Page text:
26 March 2008

THANK YOU, BILL

Here's some quotes from a speech that Bill Clinton gave a couple of days ago in West Virginia:

"If a politician doesn't wanna get beat up, he shouldn't run for office...Let's just saddle up and have an argument. What's the matter with that? That's what America's about, right?"

He's right. At least that's what this country's supposed to be about. People have a bunch of different ideas, they get together and argue about them - sometimes the arguments even get a bit heated - and then they vote on it and the argument that has been most persuasive wins.

That's how democracy is supposed to work. Sure, it's not very efficient. Sometimes it's not even very civil. Undoubtedly some good ideas get voted down and some bad ones are enacted. Most of the time we end up voting for someone who's imperfect. (Can you imagine that; an imperfect politician? Gosh.) But so far it does seem to be the only way in which a government can manage to please a whole lot of people, a lot of the time.

Problem is that we've come to believe that this idea or that one is absolutely right or wrong, so argument with it is irrational. That's what the Bush Administration has been trying to do; make us all shut up and not argue because they're right and that's all there is to it.

Well, as a vast majority of people in this country now know, that's not all there is to it.

But the kind of right-wrong, black-white thinking that the administration has crammed down our throats, and in which the media has been complicit, has screwed us up in all sorts of ways.

Increasingly I have been hearing Obama and Hillary supporters say that they won't vote for the other one if their candidate isn't nominated. Are they nuts? They seem to think there's something wrong with the two candidates arguing and duking it out for the nomination.

But that's how it's supposed to work. Even when they insult each other, that's how it's supposed to work. And when your candidate doesn't get the nomination, what you're supposed to do is shrug your shoulders, say "maybe next time," and vote for the better of the choices that you've ended up with.

The thing about all this fighting and up and down and talk of right and wrong is that it's just a natural part of the process of things settling down into somewhere in the comfortable middle. You can talk all you want about change, but the great genius of democracy isn't radical change, it's the leveling affect that it has. When it works, it allows for measured, rational, slow but sure change; the sort that in the long run does the most real good and is the longest lasting. Too many of us, however, have become too impatient for that.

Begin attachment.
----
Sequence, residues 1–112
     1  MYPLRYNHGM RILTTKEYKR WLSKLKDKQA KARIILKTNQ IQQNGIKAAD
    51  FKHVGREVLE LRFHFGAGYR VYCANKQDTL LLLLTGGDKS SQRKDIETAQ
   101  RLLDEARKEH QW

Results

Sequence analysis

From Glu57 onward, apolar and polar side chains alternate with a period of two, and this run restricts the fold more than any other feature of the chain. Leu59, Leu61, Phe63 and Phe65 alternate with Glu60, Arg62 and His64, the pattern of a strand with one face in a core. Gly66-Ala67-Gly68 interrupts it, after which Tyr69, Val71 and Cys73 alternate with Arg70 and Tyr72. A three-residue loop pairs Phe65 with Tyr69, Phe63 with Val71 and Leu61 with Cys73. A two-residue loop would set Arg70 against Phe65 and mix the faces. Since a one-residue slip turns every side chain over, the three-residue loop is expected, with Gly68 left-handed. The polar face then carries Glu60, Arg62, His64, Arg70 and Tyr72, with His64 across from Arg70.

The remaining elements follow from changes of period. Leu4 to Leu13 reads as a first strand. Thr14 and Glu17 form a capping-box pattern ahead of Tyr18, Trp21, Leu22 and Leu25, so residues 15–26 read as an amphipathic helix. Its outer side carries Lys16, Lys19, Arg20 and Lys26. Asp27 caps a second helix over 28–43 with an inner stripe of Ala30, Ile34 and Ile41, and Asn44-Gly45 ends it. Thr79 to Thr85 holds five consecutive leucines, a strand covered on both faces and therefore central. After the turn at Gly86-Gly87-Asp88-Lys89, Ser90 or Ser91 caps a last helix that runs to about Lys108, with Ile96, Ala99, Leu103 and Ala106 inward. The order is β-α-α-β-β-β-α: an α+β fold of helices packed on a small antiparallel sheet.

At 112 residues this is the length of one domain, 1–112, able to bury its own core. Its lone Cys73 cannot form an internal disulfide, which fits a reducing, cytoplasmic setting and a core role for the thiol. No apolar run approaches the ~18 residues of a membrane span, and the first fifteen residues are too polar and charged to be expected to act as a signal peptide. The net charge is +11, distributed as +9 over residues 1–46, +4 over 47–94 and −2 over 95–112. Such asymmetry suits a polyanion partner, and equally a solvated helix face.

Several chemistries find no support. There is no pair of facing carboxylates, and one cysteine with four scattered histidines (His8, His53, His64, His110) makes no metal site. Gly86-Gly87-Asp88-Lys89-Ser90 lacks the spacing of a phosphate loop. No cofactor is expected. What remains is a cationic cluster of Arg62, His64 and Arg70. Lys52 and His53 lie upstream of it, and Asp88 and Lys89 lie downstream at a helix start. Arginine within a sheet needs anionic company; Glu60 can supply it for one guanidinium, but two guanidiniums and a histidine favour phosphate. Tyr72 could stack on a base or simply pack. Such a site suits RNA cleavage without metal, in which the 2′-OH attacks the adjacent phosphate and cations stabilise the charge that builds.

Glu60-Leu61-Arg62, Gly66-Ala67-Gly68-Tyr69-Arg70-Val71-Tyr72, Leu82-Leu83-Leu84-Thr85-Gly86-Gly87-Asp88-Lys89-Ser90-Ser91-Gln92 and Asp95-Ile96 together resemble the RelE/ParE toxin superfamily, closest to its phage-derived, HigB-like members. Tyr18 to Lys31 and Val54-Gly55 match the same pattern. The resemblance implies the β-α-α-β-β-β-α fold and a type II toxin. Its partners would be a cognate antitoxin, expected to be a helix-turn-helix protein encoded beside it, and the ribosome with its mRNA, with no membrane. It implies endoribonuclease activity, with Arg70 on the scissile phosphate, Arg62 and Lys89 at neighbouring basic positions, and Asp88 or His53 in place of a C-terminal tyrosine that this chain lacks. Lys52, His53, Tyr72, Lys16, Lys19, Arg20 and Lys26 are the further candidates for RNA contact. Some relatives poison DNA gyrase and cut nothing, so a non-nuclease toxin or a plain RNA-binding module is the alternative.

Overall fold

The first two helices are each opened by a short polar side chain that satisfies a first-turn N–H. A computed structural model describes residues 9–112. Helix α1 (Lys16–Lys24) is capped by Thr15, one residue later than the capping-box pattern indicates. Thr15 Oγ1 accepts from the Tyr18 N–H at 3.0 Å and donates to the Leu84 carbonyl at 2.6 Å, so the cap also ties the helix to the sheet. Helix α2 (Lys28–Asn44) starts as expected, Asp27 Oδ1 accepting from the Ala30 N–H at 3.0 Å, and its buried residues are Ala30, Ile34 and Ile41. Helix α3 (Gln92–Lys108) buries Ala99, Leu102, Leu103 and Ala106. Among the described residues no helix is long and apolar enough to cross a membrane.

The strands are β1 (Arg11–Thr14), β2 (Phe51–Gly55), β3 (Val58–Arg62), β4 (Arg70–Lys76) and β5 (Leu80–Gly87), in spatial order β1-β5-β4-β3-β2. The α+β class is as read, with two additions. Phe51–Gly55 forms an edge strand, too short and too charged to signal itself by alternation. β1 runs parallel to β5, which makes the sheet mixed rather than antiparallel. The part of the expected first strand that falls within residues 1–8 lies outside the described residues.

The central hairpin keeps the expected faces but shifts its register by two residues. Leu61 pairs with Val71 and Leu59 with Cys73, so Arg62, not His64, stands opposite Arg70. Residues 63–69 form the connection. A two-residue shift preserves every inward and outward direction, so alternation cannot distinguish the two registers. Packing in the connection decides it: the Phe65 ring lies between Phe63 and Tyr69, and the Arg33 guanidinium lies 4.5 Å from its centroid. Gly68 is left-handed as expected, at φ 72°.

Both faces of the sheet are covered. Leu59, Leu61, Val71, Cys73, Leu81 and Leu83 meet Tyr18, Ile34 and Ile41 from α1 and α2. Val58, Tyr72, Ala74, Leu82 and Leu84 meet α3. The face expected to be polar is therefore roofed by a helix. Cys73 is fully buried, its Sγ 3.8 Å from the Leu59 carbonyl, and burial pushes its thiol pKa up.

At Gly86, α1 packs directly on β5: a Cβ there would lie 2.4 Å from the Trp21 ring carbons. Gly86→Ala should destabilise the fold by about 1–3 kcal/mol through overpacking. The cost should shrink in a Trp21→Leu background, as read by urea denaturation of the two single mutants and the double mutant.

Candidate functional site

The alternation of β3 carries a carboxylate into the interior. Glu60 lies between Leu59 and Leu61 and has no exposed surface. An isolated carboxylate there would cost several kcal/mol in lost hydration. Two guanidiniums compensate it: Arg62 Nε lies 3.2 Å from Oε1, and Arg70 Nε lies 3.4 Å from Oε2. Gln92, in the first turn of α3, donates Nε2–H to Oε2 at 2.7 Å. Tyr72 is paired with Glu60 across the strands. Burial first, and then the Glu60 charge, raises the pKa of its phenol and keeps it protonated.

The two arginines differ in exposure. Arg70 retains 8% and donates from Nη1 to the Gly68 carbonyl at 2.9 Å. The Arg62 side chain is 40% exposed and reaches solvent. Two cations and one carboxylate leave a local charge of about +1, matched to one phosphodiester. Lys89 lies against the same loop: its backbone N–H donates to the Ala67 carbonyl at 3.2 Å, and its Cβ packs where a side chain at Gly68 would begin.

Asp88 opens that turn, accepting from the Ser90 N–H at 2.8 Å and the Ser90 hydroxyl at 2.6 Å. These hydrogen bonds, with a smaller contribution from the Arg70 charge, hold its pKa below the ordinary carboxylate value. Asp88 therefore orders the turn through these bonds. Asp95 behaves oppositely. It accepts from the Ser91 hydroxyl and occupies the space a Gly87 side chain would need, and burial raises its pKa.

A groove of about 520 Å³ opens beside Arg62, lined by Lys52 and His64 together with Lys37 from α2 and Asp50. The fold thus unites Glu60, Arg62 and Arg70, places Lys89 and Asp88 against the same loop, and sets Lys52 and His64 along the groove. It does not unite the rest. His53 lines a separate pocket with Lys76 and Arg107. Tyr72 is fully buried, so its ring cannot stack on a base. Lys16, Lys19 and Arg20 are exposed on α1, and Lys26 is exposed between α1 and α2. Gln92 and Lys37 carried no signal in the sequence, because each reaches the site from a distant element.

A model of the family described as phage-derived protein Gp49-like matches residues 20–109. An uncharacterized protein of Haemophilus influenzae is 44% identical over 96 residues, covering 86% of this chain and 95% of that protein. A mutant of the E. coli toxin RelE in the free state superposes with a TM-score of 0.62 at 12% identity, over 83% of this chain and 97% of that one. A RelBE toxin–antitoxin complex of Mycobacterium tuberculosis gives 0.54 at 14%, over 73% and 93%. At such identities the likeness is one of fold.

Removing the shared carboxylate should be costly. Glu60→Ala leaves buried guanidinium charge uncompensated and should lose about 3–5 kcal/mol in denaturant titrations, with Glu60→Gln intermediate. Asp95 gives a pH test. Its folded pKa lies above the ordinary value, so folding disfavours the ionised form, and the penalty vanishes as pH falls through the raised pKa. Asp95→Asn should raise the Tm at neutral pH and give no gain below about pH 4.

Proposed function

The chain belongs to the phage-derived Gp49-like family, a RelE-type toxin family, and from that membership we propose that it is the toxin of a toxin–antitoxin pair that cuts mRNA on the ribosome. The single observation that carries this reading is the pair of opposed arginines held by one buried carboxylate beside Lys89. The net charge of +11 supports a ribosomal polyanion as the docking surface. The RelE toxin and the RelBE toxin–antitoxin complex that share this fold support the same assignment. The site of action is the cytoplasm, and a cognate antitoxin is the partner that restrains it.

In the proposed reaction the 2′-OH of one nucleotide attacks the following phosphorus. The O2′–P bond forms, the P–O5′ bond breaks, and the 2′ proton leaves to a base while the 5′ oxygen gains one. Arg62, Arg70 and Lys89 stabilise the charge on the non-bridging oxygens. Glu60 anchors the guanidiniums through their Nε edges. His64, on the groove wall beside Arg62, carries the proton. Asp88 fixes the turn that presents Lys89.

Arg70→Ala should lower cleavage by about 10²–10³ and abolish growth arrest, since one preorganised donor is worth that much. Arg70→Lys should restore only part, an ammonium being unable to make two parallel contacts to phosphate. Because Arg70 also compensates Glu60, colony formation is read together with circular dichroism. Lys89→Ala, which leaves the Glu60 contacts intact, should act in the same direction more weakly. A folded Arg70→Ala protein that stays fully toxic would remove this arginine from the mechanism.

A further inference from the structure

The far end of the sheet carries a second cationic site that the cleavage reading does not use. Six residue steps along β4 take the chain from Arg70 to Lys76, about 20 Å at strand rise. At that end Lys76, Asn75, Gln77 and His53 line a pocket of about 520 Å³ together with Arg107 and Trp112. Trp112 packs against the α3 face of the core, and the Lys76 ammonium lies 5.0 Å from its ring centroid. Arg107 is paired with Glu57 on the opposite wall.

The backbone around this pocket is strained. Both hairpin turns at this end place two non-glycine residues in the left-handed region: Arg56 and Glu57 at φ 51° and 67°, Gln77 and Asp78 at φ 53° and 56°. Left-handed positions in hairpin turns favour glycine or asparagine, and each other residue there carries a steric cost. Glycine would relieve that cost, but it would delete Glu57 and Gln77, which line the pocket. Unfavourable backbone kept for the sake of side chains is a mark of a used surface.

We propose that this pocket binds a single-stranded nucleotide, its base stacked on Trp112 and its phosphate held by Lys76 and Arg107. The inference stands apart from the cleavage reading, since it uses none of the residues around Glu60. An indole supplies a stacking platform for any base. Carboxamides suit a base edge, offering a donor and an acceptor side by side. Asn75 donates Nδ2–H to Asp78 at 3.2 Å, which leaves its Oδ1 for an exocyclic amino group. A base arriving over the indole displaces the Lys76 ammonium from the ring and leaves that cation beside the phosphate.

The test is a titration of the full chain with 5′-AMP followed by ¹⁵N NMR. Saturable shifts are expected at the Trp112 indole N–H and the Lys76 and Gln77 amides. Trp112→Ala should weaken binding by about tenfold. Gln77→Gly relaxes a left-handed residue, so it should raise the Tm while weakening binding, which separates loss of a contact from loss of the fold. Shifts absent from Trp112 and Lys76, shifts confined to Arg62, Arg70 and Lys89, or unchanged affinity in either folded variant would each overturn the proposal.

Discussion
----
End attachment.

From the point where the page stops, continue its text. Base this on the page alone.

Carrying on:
We've also got our heads deeply embedded up our asses over the economy. We catastrophize nearly everything. But a stable economy has its ups and downs. That, as in politics, is how it finds its smooth running middle.

The least stable economy is one that doesn't go through the occasional wild mood swing. Inflation, recession, expanding bubbles, bursting bubbles, are all natural in a growing, healthy economy.

I spent a while on the phone last week trying to convince a friend that they hadn't really "lost" several hundred thousand dollars in the stock and property markets.

"Have you sold any stocks or property at a loss?"

"No."

"Are you going to have to? Do you have a subprime loan or any upcoming payments for something that are going to require you to sell something at a loss? Or do you need to borrow some money against your portfolio?"

"No."

"So you haven't really lost any money, have you?"

"Well, my portfolio is down 15 percent and I can't sell my house for what I could have last year, and and and..."

All I can say is, you haven't lost any money, you've lost your common sense.

There are plenty of people who do have subprime mortgages and who do have payments they need to cash out some investments to make and other such things. And yes, those people are going to lose money. But most people, aren't. Just like any roller coaster, if you sit there and hang on, the track's going to eventually smooth out. If you try to bail out on a big hill or curve, you're probably going to get hurt.

Americans are so busy thinking that everything is supposed to be perfect - and that they have some sort of inalienable right to a free lunch - that they go into a huge tailspin when things aren't just the way they want them to be.

Well, nothing's ever going to be exactly the way you want it to be. Get over it. You're just making things worse for yourself and everybody else when you overreact.

Meanwhile, here's some pretty pictures from a recent excursion out to the California State Poppy Reserve near Lancaster in the far northeast corner of Los Angeles County:




2 comments:

Jessi Cotterill said...

Most Americans I met here really like to talk about themselves because people here are good listeners and don't like to argue about anything.

Oh...I have a question. What is it with Americans when they say "Sure, I'll call" or "Sure, I'll write to you", but then they never call or write? I think Americans are very good at being diplomatic.

nice pictures.

suzanne said...

No, most Americans, or United Statesians, are very good hypocrites and cowards. Most would rather talk behind someone's back than directly to him. Or is that how one would define "diplomat?" Have you heard of the homily, "If you can't say something nice don't say anything at all." That is implemented in it's most literal sense unless extreme confrontation can be blamed on insanity or drugs. Or unless our bullying can be construed at the truth and the light.